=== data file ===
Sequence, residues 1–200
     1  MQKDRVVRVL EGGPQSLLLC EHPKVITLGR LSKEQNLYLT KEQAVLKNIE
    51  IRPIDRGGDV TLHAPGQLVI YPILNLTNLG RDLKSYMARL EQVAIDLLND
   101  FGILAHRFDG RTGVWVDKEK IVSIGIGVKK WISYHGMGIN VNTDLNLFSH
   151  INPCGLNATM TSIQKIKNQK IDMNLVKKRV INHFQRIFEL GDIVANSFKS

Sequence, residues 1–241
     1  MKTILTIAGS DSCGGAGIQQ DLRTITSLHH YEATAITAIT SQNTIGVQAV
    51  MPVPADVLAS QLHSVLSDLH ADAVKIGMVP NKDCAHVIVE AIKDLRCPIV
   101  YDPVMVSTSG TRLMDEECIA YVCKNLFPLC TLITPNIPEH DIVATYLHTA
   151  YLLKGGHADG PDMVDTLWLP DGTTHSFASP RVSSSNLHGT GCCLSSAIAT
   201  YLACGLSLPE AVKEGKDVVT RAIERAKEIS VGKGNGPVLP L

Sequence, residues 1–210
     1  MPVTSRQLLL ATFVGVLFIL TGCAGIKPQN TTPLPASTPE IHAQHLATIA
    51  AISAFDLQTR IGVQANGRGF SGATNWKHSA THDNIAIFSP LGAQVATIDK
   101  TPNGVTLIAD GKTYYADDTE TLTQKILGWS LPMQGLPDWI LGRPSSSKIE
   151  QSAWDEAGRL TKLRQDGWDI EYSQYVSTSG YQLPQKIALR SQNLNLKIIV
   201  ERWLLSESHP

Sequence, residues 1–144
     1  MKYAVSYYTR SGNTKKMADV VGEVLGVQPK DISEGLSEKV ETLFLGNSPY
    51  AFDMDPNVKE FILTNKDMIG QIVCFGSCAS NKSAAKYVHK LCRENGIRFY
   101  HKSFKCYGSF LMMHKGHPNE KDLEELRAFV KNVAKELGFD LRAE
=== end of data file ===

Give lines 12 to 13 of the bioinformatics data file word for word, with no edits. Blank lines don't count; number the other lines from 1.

Sequence, residues 1–210
     1  MPVTSRQLLL ATFVGVLFIL TGCAGIKPQN TTPLPASTPE IHAQHLATIA